1. Principle of Animation – Anticipation

In animation, anticipation sets the viewer up for what’s going to happen next. It involves a minor motion or action that comes before a major one.

For example, a character will often get momentarily before jumping. Animation’s use of anticipation is seen in this squatting action, which alerts viewers to the approaching jump.

This approach gives the animation a natural feel because it mimics the way people move and behave in real life, where minor motions frequently precede our actions.

  1. Principle of Animation – Staging

In animation, staging includes setting up backgrounds, props, characters, and camera angles. 

In the Movie The Lion King, the major attention lies with the four people on the stone ledge. The image gradually fills with more features as the camera zooms out, enabling the audience to completely understand the situation.

When there are too many things happening at once, the spectator becomes distracted. Thus, effective staging is essential to a compelling narrative. 

  1. Principle of Animation – Straight Ahead Action and Pose to Pose

There are two methods for drawing animations: Pose to Pose and Straight Ahead Action.

Drawing an action frame by frame results in a smooth flow of movement in straightforward action. This technique requires sketching first, usually without knowing the last frame, and then drawing sequentially.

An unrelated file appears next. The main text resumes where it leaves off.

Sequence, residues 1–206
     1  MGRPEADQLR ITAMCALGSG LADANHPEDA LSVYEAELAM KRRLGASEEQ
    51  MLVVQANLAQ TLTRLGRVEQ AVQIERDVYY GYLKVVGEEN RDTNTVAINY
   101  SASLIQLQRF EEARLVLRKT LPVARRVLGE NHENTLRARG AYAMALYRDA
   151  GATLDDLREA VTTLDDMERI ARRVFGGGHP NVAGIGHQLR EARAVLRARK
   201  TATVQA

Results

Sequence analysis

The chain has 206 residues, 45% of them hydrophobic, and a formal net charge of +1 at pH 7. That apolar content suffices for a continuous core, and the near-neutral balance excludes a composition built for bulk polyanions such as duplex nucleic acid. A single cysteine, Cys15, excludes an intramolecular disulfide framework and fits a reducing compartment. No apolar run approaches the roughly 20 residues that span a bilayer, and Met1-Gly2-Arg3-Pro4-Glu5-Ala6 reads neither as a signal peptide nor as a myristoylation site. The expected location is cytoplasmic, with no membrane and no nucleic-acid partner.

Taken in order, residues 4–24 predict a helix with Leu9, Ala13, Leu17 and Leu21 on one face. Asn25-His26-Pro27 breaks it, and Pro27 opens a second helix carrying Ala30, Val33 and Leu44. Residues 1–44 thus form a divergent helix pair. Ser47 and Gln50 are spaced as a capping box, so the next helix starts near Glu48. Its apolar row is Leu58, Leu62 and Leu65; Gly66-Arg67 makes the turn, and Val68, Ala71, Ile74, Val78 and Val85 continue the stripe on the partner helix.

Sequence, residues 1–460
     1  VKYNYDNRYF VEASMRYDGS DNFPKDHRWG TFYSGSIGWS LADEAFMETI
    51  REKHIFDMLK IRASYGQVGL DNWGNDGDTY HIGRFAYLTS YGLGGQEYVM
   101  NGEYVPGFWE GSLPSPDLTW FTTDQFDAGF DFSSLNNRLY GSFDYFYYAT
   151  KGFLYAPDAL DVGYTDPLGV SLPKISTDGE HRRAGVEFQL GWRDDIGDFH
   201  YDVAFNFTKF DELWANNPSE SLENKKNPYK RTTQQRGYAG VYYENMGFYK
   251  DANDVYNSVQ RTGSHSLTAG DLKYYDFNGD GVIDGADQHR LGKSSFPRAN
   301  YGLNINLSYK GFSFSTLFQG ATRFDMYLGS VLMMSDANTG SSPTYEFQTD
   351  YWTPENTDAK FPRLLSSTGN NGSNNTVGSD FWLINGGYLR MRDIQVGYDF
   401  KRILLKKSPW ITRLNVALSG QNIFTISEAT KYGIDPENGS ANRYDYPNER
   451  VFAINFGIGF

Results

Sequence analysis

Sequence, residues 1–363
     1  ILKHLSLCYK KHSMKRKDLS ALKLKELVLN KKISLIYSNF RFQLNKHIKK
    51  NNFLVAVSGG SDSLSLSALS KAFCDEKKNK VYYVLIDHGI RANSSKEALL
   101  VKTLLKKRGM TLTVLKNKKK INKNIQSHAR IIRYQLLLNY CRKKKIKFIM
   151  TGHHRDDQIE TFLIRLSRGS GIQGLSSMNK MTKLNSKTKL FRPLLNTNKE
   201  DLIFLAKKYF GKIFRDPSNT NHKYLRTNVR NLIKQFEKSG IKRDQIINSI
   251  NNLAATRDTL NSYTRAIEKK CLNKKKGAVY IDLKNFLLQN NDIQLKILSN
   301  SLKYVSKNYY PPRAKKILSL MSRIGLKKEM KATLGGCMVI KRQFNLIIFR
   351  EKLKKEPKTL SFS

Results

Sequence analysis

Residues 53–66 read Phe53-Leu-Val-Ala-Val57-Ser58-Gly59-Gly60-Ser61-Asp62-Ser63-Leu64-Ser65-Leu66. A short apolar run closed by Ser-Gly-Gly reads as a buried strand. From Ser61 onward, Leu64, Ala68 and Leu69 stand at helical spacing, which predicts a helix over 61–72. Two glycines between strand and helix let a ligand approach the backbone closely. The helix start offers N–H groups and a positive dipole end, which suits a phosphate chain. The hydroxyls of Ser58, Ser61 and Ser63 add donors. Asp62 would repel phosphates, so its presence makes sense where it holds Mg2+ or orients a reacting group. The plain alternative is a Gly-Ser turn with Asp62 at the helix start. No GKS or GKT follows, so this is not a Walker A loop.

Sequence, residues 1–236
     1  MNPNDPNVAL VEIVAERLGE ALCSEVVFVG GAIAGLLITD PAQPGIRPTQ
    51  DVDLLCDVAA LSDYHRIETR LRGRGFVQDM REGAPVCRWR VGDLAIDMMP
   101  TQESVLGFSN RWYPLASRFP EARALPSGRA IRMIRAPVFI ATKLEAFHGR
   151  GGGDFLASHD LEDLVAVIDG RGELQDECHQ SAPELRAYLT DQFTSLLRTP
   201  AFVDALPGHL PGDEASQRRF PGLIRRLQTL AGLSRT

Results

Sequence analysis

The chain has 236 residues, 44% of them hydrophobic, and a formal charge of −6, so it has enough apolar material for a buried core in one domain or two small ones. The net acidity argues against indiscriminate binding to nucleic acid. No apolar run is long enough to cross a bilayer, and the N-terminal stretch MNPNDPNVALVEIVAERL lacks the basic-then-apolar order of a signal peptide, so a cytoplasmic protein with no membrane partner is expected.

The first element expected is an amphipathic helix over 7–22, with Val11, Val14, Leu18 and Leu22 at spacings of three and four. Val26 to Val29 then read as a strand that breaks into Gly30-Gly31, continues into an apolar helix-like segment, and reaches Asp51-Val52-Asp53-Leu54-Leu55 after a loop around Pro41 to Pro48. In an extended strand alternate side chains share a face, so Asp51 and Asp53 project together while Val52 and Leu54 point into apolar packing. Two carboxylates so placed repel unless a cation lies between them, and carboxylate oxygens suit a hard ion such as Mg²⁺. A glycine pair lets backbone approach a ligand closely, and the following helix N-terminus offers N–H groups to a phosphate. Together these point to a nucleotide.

However, this method takes a lot of time because it has to draw several frames for a single operation. 

  1. Principle of Animation – Follow Through and Overlapping Action

Two essential techniques used in animation to produce realistic and flowing motion are follow-through and overlapping movement. Even after the character has stopped, several approaches keep certain portions of the character moving.

For example, when a figure wearing a cape runs and stops, both the cape and the person’s hair waver briefly before returning to the person. Here, the character’s motion is reflected in the cape. The overlapping motion is depicted by the cape and hair’s tendency to move at a different pace than the figure. Photoshop courses are top-rated nowadays. 

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  1. Principle of Animation – Slow In and Slow Out